Predominance of Anastrepha obliqua in A. carambola fruits was also observed by Souza-Filho et al. (2000) and Uramoto et al. (2004) in the state of São Paulo. Occurrence of Anastrepha serpentina (Wiedemann, 1830) in fruits of P. torta seems common in the region, since it was also verified by Uchôa and Nicácio (2010).

The presence of Anastrepha sororcula Zucchi, 1979 in more than one-half of the installed traps was due to the fact that P. guajava is common in the region and also resultant of the existence of an orchard of this fruit plant in the experimental unit of the UEMS Fruticulture. This tephritid is the main species infesting guava fruits in Mato Grosso do Sul (Uchôa & Nicácio 2010).

Anastrepha striata Schiner, 1868 infesting P. torta is the first report of the association between this fly species with fruits of Sapotaceae. Anastrepha turpiniae Stone, 1942 was obtained in the trap installed in I. laurina and also recovered from ripe fruits of P. guajava. Also verified was the presence of Anastrepha zenildae Zucchi, 1979 associated with ripe fruit of this Myrtaceae.

Anastrepha zernyi Lima, 1934 and Anastrepha sp.1 were sampled in unripe fruits of P. torta, however they were not captured in the trap installed in this fruit plant. Anastrepha sp.2 was obtained in the traps installed in I. laurina and P. torta, but was not associated with any fruit plant studied.

Ceratitis capitata (Wiedemann, 1824) was associated with the traps installed in A. muricata, A. carambola and P. guajava, however it was obtained only from fruit of the last two plants. The Mediterranean fruit fly was recovered from unripe and ripe fruits of A. carambola, but in P. guajava it occurred only in ripe fruits.

The absence of tephritid attack in A. muricata, C. sinensis and D. alata, and the low infestation in A. occidentale may possibly be explained by the fact that these flies are not adapted to colonize some fruits, as noted by Branco et al. (2000). Similar results were obtained by Souza et al. (2008) who found no infestations in fruits of A. muricata, C. sinensis and A. occidentale, and by Alvarenga et al. (2009), Pereira et al. (2010) and Silva et al. (2011) who also did not find any fruit fly specimens in fruits of A. muricata.

The temporal overlap of fruit production by different plant species may permit the maintenance of pest species populations (Ronchi-Teles & Silva 2005). However, the presence of native fruit species may be an alternative for the natural control of tephritids, since larvae of the fruit fly species that infest their fruits are reservoirs of Anastrepha parasitoids (López et al. 1999; Carvalho et al. 2010).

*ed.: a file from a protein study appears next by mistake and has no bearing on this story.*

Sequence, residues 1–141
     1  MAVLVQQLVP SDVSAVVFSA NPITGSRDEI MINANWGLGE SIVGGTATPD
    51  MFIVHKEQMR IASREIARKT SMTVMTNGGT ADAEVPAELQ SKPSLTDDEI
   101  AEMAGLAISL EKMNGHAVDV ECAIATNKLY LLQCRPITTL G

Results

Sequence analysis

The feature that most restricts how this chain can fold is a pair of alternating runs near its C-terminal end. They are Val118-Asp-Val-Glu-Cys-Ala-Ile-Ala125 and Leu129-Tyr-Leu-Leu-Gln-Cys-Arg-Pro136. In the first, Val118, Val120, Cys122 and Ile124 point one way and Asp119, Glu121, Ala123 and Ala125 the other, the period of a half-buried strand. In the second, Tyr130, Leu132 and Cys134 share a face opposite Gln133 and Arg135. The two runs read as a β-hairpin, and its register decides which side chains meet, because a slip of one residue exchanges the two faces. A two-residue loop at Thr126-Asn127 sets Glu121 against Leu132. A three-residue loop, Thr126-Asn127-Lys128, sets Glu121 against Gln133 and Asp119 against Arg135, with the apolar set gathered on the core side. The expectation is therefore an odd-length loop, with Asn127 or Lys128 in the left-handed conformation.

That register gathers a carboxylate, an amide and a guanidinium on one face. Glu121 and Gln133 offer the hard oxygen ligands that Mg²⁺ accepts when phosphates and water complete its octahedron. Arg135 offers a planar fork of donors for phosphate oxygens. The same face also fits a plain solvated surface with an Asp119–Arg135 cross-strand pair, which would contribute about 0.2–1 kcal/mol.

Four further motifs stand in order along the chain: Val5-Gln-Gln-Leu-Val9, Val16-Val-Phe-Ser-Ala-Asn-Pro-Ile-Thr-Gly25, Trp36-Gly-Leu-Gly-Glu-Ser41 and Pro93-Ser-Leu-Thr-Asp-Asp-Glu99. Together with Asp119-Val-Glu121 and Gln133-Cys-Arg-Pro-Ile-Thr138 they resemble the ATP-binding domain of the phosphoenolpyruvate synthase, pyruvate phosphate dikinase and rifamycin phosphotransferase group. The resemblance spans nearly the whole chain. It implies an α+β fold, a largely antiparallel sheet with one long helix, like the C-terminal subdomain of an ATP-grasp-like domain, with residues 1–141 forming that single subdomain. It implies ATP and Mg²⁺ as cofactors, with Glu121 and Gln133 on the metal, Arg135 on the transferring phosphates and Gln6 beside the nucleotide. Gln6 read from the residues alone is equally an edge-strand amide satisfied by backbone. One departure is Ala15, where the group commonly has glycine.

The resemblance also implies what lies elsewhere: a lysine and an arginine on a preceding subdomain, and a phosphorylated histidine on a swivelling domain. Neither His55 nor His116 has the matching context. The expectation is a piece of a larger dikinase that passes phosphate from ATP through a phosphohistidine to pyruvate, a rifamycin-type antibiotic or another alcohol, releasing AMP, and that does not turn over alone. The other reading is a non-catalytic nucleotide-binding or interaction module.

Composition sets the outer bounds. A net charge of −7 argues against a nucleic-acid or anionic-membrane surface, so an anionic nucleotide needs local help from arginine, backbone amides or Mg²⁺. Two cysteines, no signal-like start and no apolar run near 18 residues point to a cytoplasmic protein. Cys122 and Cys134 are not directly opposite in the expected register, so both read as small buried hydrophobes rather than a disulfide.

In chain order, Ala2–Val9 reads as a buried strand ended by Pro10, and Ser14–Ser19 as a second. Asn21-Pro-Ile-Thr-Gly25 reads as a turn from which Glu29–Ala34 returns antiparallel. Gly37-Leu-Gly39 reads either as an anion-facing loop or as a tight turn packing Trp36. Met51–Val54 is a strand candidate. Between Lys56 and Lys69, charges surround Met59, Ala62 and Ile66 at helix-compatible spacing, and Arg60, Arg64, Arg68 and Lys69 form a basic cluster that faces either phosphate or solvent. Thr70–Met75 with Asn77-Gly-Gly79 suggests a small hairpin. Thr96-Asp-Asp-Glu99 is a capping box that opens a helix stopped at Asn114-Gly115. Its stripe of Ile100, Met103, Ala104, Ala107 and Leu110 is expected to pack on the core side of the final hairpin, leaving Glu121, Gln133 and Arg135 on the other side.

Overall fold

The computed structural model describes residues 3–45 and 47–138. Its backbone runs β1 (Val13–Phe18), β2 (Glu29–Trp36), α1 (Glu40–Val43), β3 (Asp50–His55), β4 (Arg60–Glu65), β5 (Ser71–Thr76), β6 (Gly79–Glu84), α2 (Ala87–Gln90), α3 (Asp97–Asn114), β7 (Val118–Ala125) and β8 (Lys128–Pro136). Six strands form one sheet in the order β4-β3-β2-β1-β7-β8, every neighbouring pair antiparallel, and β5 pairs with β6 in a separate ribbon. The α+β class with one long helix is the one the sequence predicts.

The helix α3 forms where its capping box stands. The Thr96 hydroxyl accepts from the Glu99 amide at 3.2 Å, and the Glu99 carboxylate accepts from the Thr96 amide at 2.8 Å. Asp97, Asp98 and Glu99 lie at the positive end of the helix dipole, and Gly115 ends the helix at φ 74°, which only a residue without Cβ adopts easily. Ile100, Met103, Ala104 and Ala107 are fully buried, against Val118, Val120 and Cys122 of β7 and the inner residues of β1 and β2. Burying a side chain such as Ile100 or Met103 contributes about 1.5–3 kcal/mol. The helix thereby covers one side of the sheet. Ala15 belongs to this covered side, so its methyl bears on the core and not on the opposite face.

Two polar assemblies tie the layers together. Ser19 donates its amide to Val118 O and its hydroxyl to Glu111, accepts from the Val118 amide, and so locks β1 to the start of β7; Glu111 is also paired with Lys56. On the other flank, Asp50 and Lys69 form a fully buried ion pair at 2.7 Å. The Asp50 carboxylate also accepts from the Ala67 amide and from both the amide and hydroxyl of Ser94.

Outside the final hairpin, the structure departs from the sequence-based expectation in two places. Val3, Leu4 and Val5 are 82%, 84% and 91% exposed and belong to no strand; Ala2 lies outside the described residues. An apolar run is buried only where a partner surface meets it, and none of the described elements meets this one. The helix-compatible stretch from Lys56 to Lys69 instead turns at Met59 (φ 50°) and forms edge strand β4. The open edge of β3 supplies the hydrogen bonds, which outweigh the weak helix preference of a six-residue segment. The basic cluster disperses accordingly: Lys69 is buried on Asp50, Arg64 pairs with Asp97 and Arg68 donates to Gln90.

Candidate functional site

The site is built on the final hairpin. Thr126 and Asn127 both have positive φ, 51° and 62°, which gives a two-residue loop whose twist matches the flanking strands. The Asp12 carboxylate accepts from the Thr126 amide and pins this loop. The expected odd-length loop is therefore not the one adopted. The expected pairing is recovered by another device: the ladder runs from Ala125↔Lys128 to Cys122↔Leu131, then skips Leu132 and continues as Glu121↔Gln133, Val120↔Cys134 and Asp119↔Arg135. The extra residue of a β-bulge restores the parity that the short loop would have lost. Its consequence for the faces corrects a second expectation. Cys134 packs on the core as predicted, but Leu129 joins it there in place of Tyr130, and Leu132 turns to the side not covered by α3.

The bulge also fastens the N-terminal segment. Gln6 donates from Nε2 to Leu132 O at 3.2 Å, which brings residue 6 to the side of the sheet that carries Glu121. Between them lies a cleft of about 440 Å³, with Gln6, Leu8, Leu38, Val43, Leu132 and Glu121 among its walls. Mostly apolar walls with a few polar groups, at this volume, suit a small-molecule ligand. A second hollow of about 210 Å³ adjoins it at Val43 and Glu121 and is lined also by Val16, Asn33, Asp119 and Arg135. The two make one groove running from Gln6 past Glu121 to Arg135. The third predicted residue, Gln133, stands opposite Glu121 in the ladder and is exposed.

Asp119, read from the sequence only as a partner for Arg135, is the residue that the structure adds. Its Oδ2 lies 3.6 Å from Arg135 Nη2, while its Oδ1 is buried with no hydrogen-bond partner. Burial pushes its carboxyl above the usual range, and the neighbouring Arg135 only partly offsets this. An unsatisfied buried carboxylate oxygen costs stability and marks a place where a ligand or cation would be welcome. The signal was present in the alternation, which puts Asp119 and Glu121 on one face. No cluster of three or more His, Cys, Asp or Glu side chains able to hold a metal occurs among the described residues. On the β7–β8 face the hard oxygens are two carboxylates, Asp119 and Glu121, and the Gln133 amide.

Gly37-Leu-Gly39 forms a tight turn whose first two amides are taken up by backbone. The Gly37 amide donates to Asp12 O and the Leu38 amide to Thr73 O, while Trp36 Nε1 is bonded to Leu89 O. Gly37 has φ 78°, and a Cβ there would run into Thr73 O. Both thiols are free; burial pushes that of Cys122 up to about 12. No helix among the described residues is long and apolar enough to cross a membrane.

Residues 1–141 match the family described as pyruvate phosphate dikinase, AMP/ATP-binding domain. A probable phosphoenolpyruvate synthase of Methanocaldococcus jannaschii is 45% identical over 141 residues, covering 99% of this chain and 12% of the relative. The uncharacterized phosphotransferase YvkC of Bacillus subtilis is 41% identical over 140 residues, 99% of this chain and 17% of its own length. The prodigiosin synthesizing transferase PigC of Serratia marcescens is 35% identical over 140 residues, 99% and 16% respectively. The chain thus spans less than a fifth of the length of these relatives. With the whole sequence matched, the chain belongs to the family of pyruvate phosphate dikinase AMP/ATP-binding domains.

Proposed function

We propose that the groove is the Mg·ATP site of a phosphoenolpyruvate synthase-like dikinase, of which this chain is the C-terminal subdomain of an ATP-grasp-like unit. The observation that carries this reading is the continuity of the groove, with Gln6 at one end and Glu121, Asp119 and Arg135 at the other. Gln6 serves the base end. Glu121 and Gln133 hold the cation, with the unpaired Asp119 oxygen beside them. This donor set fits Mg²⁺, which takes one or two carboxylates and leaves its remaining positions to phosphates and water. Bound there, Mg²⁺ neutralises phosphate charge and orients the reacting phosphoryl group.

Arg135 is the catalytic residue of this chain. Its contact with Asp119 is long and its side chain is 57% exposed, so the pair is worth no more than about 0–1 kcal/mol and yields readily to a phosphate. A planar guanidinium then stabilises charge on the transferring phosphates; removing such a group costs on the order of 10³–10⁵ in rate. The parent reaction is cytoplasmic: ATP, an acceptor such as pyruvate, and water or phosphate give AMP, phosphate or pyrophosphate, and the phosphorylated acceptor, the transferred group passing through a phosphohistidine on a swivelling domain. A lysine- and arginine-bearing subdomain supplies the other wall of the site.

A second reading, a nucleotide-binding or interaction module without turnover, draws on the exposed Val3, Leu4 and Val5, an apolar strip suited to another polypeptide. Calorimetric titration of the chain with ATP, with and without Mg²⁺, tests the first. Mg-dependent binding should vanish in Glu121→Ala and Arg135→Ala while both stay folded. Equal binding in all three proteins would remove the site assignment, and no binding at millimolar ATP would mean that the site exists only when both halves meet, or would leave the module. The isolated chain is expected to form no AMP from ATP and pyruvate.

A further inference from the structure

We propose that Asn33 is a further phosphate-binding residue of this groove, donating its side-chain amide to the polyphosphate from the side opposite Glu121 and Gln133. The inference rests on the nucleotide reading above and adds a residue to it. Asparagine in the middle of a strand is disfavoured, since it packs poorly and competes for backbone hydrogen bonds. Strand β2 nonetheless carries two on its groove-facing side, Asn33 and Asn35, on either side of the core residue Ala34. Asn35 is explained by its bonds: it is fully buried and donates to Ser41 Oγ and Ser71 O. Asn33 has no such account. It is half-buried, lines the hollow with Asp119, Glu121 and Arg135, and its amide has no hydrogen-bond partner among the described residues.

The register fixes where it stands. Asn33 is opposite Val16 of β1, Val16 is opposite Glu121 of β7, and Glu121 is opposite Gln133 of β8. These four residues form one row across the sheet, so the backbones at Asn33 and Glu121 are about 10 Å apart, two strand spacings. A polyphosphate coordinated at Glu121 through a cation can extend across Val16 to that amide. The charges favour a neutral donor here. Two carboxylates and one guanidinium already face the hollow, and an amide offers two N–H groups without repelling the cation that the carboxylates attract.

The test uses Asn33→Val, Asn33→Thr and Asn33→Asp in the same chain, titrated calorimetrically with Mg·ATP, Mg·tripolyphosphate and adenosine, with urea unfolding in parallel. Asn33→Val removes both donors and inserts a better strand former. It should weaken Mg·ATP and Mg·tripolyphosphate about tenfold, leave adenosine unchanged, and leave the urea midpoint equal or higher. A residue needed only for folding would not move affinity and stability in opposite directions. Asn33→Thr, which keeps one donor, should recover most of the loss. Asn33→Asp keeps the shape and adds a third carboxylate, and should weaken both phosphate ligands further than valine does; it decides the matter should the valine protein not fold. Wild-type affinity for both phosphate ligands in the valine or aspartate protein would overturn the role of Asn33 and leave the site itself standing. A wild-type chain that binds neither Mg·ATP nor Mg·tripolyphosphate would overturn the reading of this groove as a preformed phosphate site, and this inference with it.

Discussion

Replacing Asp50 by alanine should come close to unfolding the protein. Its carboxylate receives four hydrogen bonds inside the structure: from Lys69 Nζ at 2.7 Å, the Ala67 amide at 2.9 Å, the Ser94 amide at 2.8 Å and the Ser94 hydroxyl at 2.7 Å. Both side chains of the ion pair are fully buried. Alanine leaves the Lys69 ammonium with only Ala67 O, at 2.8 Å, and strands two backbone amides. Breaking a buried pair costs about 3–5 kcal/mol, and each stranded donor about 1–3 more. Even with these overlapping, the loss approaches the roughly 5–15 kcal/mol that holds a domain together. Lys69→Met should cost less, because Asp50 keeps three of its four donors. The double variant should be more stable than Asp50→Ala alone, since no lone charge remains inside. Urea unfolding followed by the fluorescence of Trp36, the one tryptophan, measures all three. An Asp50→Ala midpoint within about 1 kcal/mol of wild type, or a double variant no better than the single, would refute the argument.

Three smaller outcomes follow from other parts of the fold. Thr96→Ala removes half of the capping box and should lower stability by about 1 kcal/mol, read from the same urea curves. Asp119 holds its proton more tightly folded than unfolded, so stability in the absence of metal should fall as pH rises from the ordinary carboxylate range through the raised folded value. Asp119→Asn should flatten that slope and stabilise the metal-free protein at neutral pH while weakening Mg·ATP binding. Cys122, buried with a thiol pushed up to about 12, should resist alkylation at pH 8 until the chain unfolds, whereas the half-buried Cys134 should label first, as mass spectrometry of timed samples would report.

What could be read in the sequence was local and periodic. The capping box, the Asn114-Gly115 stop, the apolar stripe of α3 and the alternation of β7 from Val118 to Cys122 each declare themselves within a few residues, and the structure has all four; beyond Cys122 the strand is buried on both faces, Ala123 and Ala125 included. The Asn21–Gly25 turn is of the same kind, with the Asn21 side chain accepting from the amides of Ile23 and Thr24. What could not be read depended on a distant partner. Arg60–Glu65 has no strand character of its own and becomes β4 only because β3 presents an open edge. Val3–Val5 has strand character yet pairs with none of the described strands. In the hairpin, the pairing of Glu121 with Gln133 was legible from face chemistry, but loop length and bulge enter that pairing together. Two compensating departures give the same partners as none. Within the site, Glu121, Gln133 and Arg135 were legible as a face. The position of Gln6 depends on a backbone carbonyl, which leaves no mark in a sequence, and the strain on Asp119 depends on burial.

Fruit flies emerging from fruits infested with larvae occurred during the majority of the experimental period, possibly due to alternating hosts and the overlapping phenology of the fruit plant species sampled. Anastrepha obliqua, A. sororcula, A. striata and C. capitata were common throughout the study period while the other species occurred during isolated months. The population peaks of these four fly species were directly associated with the period of highest fruit production (Figs. 1 and 2). According to Ronchi-Teles & Silva (2005) the availability of the host is important for population fluctuation and abiotic factors only have little influence on these flies.

Parasitism of larvae of Tephritidae by Braconidae observed in this study was found in the same region by Nicácio et al. (2011) and is common in Brazil (Silva et al. 2007a; Souza-Filho et al. 2007; Leal et al. 2009; Ronchi-Teles et al. 2011). Doryctobracon areolatus is considered an important native species, mainly parasitizing species of Anastrepha in neotropical countries (Uchôa-Fernandes et al. 2003a; Uchôa 2012). Due to the frequency, abundance and capacity to parasitize fruit fly larvae in native and exotic fruits, this parasitoid species shows promise for integration in biological control programs of fruit flies in agroecosystems (Nunes et al 2011; Uchôa 2012). The low abundance of U. anastrephae and Opius bellus is common in other studies conducted in Brazil (Uchôa-Fernandes et al. 2003a; Lima Junior et al. 2007; Costa et al. 2009).

The dominance of D. areolatus is possibly related to the length of the ovipositor which permits reaching larvae in various hosts. Parasitoids with long ovipositors parasitize larvae in large and small fruit, but those with short ovipositor are limited to parasitism of larvae in small fruits (López et al. 1999; Sivinski et al. 1997, 2001; Ovruski et al. 2008). The higher parasitism incidence of fly larvae in ripe fruit implies possible susceptibility of these larvae during this period, since in this stage the fruits probably release a larger amount of volatiles and their pulp is softer, facilitating parasitism (Guimarães & Zucchi 2004; Silva et al. 2007b).



To the Coordenação de Aperfeiçoamento de Pessoal de Nível Superior (CAPES) for providing the scholarship to the first author, to Jorge Adriano de Deus Ricardo (UEMS) for his assistance in the execution of this work and MSc. Anderson Puker (Federal University of Viçosa) for his suggestions.



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Received 11 April 2013;
accepted 15 July 2013
Associate Editor: Rodrigo F. Krüger